Toy Soldier scales and sizes - a beginners Guide.

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OK, so you've started to collect toy or model soldiers (sensible decision that !) and you log onto ebay (even more sensible !).

And then you're faced with a problem - the "scale" part of item specifics is blank. So you look at the item description - OO/HO, 1/72, 1:32, 54mm, 10cm - almost endless variations !

Just how big is that toy or model soldier you're bidding on ?

Here are a few notes which might be of help:

  • The "normal" way of classifying size of a model or toy is in millimetres - from the head of the figure (excluding headgear) to the shoes (thus also excluding the plinth or base/stand of the figure).
  • The "standard" size of a toy or model soldier is 54mm - equivalent to about two and a quarter inches tall. This is also referred to as "1:32 scale" - one inch on the toy soldier represents thirty two inches on a real person.
  • Within this "standard" however there are minor variations.
  • French and German toy makers tended to produce their metal figures to a slightly smaller scale (and just to confuse matters even more, German makers also produced items in larger scales !).
  • Some makers of plastic toy soldiers (Starlux in France, Cherilea in the UK, Marx in America/Hong Kong) produced figures of 60mm or more in height. Elastolin of Germany went one further, producing identical figures in 70mm and 40mm scale.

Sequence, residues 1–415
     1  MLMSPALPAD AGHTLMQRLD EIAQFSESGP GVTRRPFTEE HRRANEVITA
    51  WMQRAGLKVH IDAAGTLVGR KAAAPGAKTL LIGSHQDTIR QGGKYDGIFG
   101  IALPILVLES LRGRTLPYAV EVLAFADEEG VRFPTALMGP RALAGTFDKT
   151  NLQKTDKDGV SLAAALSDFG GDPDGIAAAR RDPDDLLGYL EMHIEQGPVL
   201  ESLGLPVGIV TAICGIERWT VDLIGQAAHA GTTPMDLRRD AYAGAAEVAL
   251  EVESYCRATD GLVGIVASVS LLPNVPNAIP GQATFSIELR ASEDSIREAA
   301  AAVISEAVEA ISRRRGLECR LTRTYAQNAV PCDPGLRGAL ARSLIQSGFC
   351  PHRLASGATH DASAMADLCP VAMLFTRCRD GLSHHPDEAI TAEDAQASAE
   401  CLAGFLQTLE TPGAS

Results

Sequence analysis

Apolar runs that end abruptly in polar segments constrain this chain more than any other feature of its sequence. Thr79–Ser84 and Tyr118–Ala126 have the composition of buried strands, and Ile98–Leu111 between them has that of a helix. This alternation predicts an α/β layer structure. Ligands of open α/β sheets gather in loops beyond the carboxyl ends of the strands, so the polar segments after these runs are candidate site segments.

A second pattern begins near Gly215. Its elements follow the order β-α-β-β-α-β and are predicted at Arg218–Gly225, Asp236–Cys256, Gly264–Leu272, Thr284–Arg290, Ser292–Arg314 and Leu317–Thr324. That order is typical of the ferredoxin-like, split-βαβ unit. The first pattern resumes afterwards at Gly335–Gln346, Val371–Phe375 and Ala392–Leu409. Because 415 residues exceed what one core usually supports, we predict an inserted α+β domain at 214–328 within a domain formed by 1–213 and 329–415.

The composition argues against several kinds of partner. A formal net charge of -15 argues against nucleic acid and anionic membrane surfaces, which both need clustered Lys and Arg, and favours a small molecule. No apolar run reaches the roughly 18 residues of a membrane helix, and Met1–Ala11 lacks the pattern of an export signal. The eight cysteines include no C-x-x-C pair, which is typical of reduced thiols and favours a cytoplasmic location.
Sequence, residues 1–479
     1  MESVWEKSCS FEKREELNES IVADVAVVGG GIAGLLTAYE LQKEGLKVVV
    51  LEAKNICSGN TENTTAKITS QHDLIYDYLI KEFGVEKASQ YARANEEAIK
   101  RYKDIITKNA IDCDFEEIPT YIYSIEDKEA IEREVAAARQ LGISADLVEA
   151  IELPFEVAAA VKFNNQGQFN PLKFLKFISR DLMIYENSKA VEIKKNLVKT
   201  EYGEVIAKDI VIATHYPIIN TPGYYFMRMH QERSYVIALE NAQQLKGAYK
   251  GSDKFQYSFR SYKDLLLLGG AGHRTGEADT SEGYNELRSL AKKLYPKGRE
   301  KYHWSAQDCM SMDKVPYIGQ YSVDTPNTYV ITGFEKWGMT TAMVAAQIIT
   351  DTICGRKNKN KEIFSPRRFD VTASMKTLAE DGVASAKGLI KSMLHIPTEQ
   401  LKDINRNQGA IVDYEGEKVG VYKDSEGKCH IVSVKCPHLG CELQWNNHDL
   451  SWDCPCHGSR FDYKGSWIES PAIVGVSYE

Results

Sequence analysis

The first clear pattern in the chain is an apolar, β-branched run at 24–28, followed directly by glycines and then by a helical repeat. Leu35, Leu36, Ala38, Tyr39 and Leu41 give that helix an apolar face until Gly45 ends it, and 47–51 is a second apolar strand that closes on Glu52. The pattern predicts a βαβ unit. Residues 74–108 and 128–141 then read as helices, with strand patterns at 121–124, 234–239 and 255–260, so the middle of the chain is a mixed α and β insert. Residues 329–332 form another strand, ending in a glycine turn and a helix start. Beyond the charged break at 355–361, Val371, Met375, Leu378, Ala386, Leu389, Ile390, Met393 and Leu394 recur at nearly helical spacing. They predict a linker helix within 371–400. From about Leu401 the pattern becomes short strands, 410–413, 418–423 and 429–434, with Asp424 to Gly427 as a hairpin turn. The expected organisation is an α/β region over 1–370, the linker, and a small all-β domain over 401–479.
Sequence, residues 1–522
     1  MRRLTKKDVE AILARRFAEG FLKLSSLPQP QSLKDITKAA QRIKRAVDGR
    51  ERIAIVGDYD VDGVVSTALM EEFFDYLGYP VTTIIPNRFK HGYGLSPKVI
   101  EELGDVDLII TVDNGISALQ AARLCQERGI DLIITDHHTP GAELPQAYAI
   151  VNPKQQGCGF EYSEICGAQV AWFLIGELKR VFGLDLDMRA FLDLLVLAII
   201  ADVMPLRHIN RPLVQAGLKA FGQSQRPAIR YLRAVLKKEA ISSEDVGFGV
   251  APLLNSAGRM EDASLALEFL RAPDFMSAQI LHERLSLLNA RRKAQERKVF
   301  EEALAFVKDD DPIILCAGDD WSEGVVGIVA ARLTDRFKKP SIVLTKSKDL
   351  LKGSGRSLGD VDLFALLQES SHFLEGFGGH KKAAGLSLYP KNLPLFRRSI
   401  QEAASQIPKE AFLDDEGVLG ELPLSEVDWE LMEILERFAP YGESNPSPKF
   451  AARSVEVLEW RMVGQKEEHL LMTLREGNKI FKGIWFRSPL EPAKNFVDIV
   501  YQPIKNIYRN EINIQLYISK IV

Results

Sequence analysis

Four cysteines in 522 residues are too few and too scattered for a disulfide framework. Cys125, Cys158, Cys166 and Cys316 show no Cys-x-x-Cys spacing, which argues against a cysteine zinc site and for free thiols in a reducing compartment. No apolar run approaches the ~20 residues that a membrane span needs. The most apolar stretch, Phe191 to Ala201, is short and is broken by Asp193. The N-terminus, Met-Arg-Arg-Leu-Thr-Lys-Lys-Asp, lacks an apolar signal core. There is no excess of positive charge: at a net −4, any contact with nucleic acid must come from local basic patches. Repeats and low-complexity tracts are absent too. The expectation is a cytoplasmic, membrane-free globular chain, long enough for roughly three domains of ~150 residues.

• Many current makers (Del Prado, Conte, King and Country) have also "gone large" (to use a fast-food term !) - their figures should best be thought of a "1:30" (60mm+ in scale)
  • "Flat" figures (thin tin, engraved on either one or both sides) are usually to a scale of 30mm.
  • Wargames figures (both plastic and metal) can be anything between 6mm and 30mm.They may also be listed as "OO/HO" (referring to model railway track gauges) or "1/72" (one inch of the figure represents seventy two inches of a real person).
  • "Model" soldiers (and the line between "toy" and "model" is blurring as production techniques become more advanced) may be in a multiplicity of scales- 54mm, 75mm, 85mm, 90mm and 120mm being the most popular.
  •  IF IN DOUBT - ASK THE SELLER ! (But please remember- he or she may not have read this guide so the best way to get a clear answer is not to ask "what scale" but "what height" the figure is).

Examples of most of these sizes and scales can be found on my weekly listings on ebay.co.uk.

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